Reality Check

Reality Check: Attack Ads In Supreme Court Race

Cases Before Ziegler At Issue In Ads

MADISON, Wis. - With the spring election nearing, political ads in the race for Wisconsin's Supreme Court have launched sharper attacks.

VIDEO: Watch The Report

WISC-TV political reporter Colin Benedict put two recent ads through a "Reality Check."

At issue in the ads are cases in front of Washington County Judge Annette Ziegler. Ziegler and her opponent attorney Linda Clifford have very different views on how Ziegler conducted herself.

An ad for Clifford begins: "Newspapers have broken the story. A scandal involving Judge Annette Ziegler's conflicts of interest."

Meanwhile, a recent Ziegler ad begins with: "The choice is as clear as night and day. Linda Clifford's charges aren't true. There is no scandal."

Clifford launched the first ad, playing off of media reports.

"Ziegler broke the rules and failed to remove herself from 46 cases involving her family's banking connections," said the Clifford ad.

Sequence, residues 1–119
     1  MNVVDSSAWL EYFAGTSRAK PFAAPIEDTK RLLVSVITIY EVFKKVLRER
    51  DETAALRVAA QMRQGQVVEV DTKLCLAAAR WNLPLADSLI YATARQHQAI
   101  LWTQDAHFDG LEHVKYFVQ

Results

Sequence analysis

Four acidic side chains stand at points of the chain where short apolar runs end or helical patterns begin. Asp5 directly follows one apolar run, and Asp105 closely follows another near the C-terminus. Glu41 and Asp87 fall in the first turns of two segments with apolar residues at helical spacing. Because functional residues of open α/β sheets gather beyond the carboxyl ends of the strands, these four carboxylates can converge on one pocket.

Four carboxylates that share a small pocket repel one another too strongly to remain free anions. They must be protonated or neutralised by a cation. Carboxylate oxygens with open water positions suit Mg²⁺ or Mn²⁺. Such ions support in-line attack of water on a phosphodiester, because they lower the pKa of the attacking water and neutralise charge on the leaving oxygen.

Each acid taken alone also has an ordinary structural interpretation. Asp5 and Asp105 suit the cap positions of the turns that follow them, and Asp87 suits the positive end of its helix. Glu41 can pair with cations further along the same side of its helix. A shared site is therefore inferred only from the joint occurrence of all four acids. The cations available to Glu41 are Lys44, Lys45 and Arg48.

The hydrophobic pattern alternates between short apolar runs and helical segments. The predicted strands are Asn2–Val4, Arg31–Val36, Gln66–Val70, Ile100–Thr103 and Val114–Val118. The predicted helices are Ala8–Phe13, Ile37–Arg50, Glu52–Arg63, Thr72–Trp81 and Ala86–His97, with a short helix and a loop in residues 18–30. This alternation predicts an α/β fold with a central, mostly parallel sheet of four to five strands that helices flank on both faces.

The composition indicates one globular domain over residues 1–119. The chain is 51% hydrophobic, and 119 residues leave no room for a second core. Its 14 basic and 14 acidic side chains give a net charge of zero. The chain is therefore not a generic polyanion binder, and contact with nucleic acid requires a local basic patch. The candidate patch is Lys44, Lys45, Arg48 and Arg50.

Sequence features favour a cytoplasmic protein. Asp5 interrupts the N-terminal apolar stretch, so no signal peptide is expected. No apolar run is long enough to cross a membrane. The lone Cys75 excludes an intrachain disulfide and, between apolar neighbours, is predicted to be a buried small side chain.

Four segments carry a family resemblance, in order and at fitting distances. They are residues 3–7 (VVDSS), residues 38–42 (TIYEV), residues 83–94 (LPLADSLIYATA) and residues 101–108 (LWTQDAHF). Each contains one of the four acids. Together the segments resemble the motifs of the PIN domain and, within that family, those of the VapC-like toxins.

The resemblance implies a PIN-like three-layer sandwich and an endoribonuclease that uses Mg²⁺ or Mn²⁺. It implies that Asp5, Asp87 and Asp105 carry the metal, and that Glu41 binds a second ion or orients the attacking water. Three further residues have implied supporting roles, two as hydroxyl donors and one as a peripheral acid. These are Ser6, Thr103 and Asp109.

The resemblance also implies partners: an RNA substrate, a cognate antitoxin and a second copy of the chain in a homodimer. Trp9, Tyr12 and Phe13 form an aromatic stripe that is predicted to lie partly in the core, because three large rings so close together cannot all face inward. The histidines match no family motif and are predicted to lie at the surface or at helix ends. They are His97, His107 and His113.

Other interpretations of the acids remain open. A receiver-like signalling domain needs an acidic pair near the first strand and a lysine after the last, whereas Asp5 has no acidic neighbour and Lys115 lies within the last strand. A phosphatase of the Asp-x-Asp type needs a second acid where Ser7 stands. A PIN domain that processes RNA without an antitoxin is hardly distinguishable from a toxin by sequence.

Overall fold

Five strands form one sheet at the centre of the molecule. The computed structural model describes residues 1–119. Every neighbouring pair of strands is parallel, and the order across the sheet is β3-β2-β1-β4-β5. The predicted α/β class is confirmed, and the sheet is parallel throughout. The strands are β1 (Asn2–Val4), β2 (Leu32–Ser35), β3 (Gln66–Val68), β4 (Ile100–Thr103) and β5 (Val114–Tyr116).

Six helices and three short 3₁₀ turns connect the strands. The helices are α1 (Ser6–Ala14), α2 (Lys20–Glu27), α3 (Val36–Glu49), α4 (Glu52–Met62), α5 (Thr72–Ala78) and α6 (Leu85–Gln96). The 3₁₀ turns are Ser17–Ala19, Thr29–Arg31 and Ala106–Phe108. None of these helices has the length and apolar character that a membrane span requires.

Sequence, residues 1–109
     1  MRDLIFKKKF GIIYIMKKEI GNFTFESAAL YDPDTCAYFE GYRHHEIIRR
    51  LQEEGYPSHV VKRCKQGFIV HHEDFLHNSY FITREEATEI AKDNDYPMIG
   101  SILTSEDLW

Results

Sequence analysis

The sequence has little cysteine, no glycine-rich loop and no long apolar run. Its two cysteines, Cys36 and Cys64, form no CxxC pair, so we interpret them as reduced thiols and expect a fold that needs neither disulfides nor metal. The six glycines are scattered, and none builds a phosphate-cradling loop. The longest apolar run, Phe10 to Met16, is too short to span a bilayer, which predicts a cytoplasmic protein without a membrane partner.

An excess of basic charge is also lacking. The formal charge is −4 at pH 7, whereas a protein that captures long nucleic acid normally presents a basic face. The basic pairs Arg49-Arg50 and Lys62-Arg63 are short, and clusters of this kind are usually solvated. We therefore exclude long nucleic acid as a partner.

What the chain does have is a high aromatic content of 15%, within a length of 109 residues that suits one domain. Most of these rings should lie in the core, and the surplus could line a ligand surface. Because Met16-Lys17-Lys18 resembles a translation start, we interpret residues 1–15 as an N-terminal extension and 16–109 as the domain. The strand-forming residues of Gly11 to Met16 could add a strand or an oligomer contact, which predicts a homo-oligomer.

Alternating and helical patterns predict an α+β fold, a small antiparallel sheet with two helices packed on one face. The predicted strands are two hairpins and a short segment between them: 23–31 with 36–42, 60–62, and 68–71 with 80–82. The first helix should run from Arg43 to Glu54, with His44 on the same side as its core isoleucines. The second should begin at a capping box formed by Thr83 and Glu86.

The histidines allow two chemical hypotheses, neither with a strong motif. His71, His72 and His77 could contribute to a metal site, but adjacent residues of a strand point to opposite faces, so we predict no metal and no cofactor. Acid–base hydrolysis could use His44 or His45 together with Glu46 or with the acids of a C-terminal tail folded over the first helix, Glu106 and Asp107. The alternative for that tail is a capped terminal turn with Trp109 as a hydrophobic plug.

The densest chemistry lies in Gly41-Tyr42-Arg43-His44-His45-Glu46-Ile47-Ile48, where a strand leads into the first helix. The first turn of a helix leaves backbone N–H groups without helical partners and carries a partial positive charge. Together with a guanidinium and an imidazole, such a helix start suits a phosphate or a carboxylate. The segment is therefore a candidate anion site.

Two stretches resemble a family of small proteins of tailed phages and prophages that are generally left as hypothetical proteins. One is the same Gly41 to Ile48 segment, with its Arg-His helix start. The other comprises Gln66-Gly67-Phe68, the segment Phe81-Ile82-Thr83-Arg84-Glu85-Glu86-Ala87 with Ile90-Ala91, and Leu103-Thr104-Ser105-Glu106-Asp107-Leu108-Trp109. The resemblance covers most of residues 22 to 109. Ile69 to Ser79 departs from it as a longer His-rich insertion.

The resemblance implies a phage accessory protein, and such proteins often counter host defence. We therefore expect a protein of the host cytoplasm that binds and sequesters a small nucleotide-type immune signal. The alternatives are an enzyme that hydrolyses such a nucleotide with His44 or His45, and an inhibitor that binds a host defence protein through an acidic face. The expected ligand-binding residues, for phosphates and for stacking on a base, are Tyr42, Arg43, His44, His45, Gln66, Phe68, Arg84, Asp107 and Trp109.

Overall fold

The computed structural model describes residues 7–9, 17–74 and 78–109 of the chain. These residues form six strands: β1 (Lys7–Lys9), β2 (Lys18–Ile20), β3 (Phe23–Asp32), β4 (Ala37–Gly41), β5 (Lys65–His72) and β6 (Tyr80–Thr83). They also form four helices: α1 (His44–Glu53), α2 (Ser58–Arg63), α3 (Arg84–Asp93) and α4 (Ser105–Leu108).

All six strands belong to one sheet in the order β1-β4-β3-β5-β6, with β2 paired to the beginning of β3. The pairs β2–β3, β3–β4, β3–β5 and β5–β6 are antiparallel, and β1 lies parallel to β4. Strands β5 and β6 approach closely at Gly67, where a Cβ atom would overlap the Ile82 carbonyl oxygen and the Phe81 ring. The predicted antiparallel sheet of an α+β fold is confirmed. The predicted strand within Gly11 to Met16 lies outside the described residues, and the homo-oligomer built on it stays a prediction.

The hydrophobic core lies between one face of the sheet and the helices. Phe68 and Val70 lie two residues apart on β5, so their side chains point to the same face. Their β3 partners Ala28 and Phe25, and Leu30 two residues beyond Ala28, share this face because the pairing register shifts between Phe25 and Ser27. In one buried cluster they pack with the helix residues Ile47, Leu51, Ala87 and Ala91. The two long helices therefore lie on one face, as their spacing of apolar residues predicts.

A WISC-TV analysis found that this claim "needs clarification."

The cases in question involve West Bend Savings Bank and are mostly small claims.

Ziegler's husband, J.J. Ziegler, is on the board of directors. Annette Ziegler did fail to disclose or recuse herself from dozens of cases involving West Bend Savings Bank, an apparent violation of state judicial rules.

It's worth noting, however, that so far no one has sanctioned Ziegler for her conduct. But a formal complaint is currently before the Wisconsin Judicial Commission.

Ziegler said her husband's position didn't effect her judgment, and she further defends herself in her own TV ad.

"Judge Ziegler's family has never benefited from any case," the ad says.

WISC-TV found that claim "needs clarification."

Ziegler's husband is a paid member of the Board of West Bend Savings, but it is a mutual bank, meaning that deposit holders own the company.

Ziegler's campaign spokesman told the Wisconsin State Journal that J.J. Zeigler's salary isn't tied to bank performance.

Both candidate ads then move on to Clifford's qualifications. Ziegler makes it clear that Clifford isn't a judge.

Ziegler's ad says: "Linda Clifford, not one day as a judge. Judge Ziegler, a former prosecutor, is endorsed by a majority of sheriffs and district attorneys. Linda Clifford has never been a criminal prosecutor."

It's "true" that Clifford has never been a judge nor a criminal prosecutor. But she has prosecuted civil cases as an assistant attorney general, which she notes in her ad.

"Thirty years of legal experience. Linda is the only candidate that has argued a case in front of the Supreme Court," the Clifford ad says.

WISC-TV also found that claim to be "true."

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